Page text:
I keep coming back to the game Tsuro, which I've mentioned in this blog several times.
Let me describe the rules quickly. The game consists of a 6 x 6 grid of empty squares. The border of this grid has two white lines leading in to each side of a square (12 per side, so 48 lines total along the border). Players begin by putting their marker on one of these lines.
There are 35 tiles in the set, of the size of the empty squares on the board. Each side of each tile has two path ends that line up to the two white lines on the border (see the picture at the end for an example of some tiles). Each tile has four path pieces, each with two ends at different places on the boundary of the tile. These paths can cross, and there is a tile for each combination of paths (more on this later). Players keep hands of three tiles, drawing a new one every time they play one.
Each turn, the current player chooses a tile from their hand and lays it on the board in front of their marker. This new tile continues the path their piece was on, and they move their piece to follow that path until its end (it may link to other already-played tiles, so it could go longer than just one tile). The player also moves any other pieces that had their paths extended by this tile, again as far as they can until they reach their path's end.
For all those pieces that moved, if the path either leads them off the board or collides with another marker, then they have lost and are out of the game. The winner is the last one standing (or tie if multiple people lose on the last turn). Since there are only 35 tiles and 36 squares, it is possible all tiles can be played without anyone losing. In fact, the game comes with enough markers for 8 players. Can they all complete the game? Can they all complete it if they all have access to all tiles from the beginning (instead of having separate hands)?
While showing Tsuro to my aide this week, we raised this question. Ernie quickly became interested in trying out the combinations to see if he could get a working solution. This is an excellent challenge; I would guess the problem is NP-complete for general sets of tiles.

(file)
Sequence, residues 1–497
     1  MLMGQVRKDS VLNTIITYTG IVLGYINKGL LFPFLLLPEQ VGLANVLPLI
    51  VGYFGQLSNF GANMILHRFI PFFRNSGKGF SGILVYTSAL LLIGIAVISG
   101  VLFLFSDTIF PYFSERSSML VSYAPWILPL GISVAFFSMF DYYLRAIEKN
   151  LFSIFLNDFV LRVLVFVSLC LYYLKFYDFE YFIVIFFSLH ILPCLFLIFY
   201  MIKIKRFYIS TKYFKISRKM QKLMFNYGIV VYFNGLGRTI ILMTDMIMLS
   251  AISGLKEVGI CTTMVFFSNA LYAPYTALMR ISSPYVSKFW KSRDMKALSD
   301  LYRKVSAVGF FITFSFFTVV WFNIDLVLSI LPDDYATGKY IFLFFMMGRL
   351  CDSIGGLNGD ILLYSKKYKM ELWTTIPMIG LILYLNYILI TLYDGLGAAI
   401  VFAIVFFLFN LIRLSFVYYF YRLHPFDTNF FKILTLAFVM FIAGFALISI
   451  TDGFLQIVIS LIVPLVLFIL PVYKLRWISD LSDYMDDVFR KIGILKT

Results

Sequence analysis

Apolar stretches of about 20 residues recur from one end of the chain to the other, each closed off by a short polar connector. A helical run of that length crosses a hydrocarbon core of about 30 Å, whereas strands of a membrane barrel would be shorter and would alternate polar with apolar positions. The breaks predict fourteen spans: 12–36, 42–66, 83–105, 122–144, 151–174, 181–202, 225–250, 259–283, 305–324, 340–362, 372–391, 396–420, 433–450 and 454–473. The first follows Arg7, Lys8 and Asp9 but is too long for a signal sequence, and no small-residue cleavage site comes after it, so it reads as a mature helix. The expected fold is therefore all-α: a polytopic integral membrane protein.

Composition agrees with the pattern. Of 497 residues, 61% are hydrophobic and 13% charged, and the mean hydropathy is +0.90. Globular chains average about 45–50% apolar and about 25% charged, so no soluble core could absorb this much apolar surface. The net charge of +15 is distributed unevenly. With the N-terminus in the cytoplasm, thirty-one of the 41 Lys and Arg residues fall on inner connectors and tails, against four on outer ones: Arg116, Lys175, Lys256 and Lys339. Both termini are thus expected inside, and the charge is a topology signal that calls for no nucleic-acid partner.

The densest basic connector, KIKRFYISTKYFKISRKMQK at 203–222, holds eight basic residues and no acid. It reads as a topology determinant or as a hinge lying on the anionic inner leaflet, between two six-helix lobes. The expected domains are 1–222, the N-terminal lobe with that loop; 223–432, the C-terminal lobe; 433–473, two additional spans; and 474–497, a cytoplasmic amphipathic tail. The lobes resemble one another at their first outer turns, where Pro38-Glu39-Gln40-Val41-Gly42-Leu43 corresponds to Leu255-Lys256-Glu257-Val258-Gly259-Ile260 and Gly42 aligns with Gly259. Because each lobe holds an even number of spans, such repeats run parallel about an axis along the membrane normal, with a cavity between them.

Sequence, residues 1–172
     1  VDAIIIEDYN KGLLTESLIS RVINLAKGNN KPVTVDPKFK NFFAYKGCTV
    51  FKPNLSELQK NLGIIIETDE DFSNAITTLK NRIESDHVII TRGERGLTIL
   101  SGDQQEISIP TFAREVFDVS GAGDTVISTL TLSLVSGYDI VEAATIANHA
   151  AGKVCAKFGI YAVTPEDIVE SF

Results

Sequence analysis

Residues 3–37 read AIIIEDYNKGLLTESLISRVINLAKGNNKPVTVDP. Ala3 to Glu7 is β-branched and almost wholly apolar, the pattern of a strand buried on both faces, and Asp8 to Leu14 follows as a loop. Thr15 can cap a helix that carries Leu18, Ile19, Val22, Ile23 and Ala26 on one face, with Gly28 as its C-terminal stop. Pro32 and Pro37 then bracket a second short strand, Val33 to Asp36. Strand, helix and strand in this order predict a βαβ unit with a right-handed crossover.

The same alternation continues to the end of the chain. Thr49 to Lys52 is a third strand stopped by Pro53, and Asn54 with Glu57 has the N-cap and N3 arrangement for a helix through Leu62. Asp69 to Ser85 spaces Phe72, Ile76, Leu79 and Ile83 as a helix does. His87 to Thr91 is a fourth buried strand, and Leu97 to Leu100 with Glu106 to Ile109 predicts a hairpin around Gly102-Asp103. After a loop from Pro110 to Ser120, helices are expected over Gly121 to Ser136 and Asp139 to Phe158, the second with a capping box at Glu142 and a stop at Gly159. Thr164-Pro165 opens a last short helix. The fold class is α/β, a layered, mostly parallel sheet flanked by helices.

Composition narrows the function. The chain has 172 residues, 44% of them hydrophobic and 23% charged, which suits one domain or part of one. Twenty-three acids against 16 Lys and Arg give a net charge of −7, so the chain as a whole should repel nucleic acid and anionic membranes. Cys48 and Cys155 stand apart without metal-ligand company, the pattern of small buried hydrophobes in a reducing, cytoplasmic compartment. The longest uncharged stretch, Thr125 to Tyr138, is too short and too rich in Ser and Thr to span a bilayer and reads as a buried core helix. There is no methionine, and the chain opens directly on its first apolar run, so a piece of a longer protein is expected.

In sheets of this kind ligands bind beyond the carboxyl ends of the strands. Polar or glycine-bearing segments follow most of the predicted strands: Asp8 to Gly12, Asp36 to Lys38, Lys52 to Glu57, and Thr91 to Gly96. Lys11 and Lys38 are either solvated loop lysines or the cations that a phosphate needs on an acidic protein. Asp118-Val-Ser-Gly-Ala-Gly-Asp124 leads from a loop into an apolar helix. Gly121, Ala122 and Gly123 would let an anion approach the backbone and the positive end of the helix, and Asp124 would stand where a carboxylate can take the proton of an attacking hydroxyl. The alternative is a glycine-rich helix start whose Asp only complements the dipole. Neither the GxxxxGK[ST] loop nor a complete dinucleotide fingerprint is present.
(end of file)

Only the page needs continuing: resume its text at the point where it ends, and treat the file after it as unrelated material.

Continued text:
The question also came up of whether there are only 35 possible tiles, or whether the game is missing some possible combinations. I'm terrible at counting, but Ernie had some good insight and we worked it out. Here's a sketch of our logic:
Consider a single tile and count the possible configurations of paths in that tile. Choose one of the incoming path locations. There are 7 places that path could connect to. Now go clockwise around the tile to the next not-yet-connected path end. From here there are now 5 possible places this could connect to. After that, there are 3 more for the last one. In total that gives us 105 possible total configurations.
The game doesn't have this many, so there must be some symmetry that is not being considered. Since 35 = 105 / 3, it seems likely that rotational symmetric positions are not being used (which is the case). Now can we find cases where other symmetry is used? Yup!
Each right piece is symmetric with the corresponding left piece! I think the game uses all pieces. It's excellent that this works out to exactly 35 pieces, leaving that extra final open square. Very elegant!
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